Blistering Heat and Multiple Fires Scorching County

Connor Forbes
Connor Forbes
3 Min Read
The Rabbit Fire in Lakeview has been fueled by high grass. CalFire

Blistering Heat and Fires in Riverside County, CA

LAKEVIEW (CNS) – Containment of the Rabbit Fire in Lakeview increased to 80% Wednesday night and full containment is expected today, Friday.

The fire has burned more than 8,200 acres, a figure that has not changed since Monday night when it was updated from 7,950 acres.

“Crews were very successful throughout the fire all day and into the nightRiverside County Fire Department Division Chief Josh Janssen, the incident commander for the fire, said at a briefing.

“Hot and dry steep and rugged terrain are still going to be the challenges for the firefighters but they continue to work aggressively on these fires to help the containment.”

The evacuation order reduced Tuesday to an evacuation warning covered an area east of Jack Rabbit Trail, north of Gilman Springs, south and west of First Street and west of Highway 79.

All previous evacuation warnings have been lifted, according to Cal Fire Riverside.

The fire broke out around 3:30 p.m. Friday northeast of Gilman Springs Road and Jack Rabbit trail. Officials said 152 structures were threatened, but no structures have been destroyed or damaged.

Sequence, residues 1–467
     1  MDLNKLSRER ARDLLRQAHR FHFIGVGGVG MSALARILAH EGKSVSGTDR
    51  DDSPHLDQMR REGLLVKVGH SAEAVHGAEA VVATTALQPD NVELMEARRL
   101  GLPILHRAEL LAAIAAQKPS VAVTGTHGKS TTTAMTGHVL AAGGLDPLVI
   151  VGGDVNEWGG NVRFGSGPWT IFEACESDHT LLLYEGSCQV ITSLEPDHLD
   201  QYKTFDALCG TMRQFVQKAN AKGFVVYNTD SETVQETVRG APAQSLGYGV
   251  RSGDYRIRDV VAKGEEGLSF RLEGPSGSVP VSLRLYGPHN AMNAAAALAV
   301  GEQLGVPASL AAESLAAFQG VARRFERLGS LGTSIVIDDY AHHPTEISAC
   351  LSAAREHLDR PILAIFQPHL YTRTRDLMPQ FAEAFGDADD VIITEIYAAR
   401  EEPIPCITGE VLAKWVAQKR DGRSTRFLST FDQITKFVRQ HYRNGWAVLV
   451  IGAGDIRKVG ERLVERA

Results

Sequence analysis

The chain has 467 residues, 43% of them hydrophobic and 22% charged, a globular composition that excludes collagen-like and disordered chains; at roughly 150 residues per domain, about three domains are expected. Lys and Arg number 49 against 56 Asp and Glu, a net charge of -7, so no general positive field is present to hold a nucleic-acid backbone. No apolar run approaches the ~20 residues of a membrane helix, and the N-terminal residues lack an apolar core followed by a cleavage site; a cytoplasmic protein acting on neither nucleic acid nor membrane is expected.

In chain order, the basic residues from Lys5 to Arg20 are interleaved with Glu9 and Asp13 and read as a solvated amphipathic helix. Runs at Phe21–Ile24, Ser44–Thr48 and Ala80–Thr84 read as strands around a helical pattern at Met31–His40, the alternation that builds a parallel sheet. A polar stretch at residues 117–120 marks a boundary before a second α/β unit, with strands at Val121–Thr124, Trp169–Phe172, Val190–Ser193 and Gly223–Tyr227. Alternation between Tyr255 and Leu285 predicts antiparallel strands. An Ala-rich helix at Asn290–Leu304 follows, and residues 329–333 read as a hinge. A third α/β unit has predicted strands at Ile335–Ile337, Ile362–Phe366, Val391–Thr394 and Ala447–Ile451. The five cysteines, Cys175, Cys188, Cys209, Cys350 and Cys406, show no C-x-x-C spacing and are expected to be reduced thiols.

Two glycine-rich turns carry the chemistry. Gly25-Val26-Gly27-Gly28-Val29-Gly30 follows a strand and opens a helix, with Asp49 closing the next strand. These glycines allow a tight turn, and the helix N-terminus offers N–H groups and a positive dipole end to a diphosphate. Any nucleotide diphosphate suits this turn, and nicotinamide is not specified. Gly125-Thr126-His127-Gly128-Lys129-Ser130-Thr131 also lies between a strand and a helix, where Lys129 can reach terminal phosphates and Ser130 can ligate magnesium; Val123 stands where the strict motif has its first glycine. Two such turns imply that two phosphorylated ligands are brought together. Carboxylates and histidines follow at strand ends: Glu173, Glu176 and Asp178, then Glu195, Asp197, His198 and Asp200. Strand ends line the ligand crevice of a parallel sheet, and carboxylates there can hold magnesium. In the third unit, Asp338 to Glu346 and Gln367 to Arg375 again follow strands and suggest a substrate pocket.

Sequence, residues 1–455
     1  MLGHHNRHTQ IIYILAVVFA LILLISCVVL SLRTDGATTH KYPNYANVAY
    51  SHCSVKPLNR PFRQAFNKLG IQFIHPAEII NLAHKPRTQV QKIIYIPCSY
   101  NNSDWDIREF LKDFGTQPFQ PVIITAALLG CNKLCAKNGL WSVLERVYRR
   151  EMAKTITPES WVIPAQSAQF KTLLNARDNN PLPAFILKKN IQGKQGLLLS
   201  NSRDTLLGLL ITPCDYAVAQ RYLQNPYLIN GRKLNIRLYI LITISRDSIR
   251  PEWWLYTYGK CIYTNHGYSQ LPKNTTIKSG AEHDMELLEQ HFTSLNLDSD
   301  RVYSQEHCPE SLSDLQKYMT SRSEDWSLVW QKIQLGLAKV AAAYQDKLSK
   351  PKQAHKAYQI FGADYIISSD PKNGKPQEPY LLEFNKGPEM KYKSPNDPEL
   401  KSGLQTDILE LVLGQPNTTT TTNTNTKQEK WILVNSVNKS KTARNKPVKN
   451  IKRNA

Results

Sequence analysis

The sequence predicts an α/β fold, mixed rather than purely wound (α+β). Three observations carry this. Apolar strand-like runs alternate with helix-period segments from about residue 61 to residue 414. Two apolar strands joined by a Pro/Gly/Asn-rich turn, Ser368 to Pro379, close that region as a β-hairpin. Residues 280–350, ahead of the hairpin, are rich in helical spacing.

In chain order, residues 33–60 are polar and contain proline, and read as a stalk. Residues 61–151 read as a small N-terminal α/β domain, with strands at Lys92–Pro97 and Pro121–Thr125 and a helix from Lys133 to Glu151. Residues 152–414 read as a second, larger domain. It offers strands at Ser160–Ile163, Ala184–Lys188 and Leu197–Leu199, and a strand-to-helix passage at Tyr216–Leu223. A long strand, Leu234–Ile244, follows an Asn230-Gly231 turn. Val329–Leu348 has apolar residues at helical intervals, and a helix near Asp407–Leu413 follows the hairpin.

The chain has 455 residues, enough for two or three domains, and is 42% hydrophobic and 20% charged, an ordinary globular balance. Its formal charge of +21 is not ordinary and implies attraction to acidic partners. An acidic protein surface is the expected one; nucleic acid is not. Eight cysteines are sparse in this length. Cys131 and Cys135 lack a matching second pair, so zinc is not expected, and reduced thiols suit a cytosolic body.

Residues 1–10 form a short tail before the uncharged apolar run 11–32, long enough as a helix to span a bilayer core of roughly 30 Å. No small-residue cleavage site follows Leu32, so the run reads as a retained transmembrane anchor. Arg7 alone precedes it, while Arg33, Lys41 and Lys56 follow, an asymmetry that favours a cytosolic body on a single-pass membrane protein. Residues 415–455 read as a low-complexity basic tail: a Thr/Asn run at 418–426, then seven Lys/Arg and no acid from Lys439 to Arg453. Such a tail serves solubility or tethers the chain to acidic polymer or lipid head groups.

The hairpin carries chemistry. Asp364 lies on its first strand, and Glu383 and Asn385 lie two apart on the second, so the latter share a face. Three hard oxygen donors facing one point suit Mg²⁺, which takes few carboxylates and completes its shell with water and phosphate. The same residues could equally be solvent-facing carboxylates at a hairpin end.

Southbound Highway 79 from Gilman Springs to Beaumont Avenue re-opened Tuesday morning. All other roads remained open, but officials urged drivers to be cautious as firefighters were still out working on full containment and control of the fire.

A total of 184 fire engines, 20 water tenders, seven helicopters  and 30 hand crews were involved in the firefighting effort, numbering 1,578 total personnel, according to Cal Fire Riverside. Additional air tankers were flying in from throughout the state.

One civilian was injured. There were no details on who was injured or how serious the injury was.

The Rabbit Fire was the largest of four brush fires that broke out Friday and Saturday across the county. The other three were fully or nearly fully contained by Tuesday.

“Everybody has been working hard to get these fires down,” Riverside County
Fire Chief Bill Weiser told the Riverside Board of Supervisors Tuesday, during a summary of wildfire operations.

“We’ve had mutual aid, which has really helped us in the firefights.” He added that the Rabbit Fire was likely started by a vehicle fire near the intersection of Jack Rabbit Trail and Gilman Springs Road in the Lakeview area.

Blistering Heat Firefighters battle two vegetation infernos that merged into one in the Jurupa Hills on Wednesday.
Firefighters battle two vegetation infernos that merged into one in the Jurupa Hills on Wednesday. Photo by Marc Danielian

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